Make sure he has access to plenty of fresh water, and groom him regularly. If your dog spends a lot of time outdoors, be sure to protect him from fleas and ticks with tick spray.

Also, ensure that you regularly check his body for ticks and fleas too!


Frequently asked questions about canine folliculitis


what does folliculitis look like in dogs?


It can range from simple redness of the skin, all the way to pustules and pus filled sores.

Folliculitis in dogs can look different depending on what is causing it. In general, the infected area will be red, swollen, and inflamed. There may also be pustules or blisters present.


how to treat folliculitis in dogs at home?


There is no one-size-fits-all answer to this question, as the treatment for folliculitis will vary depending on the underlying cause.

Of course if it's an allergic reaction, the only real treatment is to remove the item, and let your dog recover.

However, some tips to help treat folliculitis at home include keeping your dog clean and dry, and applying a cold compress to the affected area.

If you are concerned that your dog's folliculitis may be caused by a more serious infection, it is best to consult with your veterinarian. 


Is folliculitis contagious?


Folliculitis is not contagious in general, unless it's caused by parasites or ringworms.


Folliculitis is not typically considered a highly contagious condition, but it can spread from one dog to another if the infection is caused by a virus or parasite.


is canine folliculitis contagious to humans?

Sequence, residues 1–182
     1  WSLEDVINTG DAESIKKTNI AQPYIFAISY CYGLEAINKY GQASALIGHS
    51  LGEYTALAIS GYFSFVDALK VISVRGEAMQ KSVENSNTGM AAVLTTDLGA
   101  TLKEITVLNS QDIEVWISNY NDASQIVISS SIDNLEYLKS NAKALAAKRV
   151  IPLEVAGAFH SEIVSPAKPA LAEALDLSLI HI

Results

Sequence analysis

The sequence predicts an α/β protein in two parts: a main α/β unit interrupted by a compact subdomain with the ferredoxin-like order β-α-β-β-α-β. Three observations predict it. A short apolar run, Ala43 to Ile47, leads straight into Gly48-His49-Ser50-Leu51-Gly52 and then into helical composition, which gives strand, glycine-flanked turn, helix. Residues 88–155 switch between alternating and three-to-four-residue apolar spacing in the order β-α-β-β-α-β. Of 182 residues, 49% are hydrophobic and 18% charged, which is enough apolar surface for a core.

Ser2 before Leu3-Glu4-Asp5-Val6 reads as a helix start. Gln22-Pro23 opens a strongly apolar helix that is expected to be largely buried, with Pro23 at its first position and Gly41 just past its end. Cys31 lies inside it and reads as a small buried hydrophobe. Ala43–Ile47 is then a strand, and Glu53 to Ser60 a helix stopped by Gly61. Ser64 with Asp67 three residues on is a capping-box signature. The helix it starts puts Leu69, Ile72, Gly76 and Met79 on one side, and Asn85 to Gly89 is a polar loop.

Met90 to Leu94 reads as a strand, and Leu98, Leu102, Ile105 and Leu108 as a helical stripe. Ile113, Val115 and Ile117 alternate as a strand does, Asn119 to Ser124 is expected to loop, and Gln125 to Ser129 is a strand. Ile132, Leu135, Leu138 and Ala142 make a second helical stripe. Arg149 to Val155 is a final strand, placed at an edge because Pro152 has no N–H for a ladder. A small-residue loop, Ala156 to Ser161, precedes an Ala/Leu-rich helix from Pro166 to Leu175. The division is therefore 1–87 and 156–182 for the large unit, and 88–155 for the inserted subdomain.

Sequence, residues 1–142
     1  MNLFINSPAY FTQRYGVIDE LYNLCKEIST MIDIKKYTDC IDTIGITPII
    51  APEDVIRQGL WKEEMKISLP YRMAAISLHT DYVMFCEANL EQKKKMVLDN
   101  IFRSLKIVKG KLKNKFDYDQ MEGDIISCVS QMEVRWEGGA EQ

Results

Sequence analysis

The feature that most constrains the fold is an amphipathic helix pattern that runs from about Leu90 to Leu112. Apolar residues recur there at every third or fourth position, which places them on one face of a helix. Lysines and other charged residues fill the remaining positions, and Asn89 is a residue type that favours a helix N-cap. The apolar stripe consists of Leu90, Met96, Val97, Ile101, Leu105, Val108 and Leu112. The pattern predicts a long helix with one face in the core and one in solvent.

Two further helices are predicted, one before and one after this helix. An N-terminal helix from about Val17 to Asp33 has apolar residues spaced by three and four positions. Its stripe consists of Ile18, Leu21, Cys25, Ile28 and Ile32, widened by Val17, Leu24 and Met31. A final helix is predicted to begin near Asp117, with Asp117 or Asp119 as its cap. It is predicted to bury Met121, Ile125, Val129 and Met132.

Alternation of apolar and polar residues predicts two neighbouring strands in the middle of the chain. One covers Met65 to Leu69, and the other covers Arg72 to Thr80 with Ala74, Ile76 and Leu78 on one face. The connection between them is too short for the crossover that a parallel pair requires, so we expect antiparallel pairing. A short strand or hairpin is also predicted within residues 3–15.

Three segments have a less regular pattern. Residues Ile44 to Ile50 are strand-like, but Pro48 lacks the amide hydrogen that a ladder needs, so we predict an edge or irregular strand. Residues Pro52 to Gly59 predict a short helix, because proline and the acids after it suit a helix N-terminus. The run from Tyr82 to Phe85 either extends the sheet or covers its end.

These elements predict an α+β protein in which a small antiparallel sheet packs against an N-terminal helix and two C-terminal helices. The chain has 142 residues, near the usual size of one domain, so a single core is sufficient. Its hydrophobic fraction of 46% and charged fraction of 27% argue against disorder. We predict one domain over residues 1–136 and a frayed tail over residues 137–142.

Current research says no.

There is no evidence that folliculitis is contagious from dogs to humans.

However, it is always best to practice good hygiene and avoid contact with any areas of the dog's skin that are inflamed or infected.


Is folliculitis in dogs worse when shedding?


There is no evidence to suggest that folliculitis is worse when a dog is shedding.

However, when your dog is shedding, it can look worse - similar to alopecia. If the hair follicles in a particular area is already inflamed, the shedding will look worse, but the hair is already going to fall out.


That said, it is always better to keep your dog groomed regularly, regardless of the time of year for their comfort and benefit.


How do I prevent my dog from getting folliculitis?


Unfortunately, there's no way to completely prevent any dog from getting folliculitis.

Remember that canine folliculitis isn't a disease or anything - rather, it's just their hair follicles being inflamed by bacterial, fungal or viral infections.

As such, the issue is literally skin deep.

But while there is no sure way to prevent your dog from getting folliculitis, but you can reduce his risk by keeping him clean and dry.

Make sure he has access to plenty of fresh water, and groom him regularly. If your dog spends a lot of time outdoors, be sure to protect him from fleas and ticks.


Conclusion


Folliculitis is a skin infection that can occur in dogs when hair follicles are irritated.

The condition is usually treated with antibiotics, and the prognosis is good if the infection is caught early.

If you think your dog may have folliculitis, be sure to take him or her to the veterinarian for diagnosis and treatment!


about the author

Frank Harrigan

Frank loves tacos and dogs - the good, bad and ugly sides of dog ownership.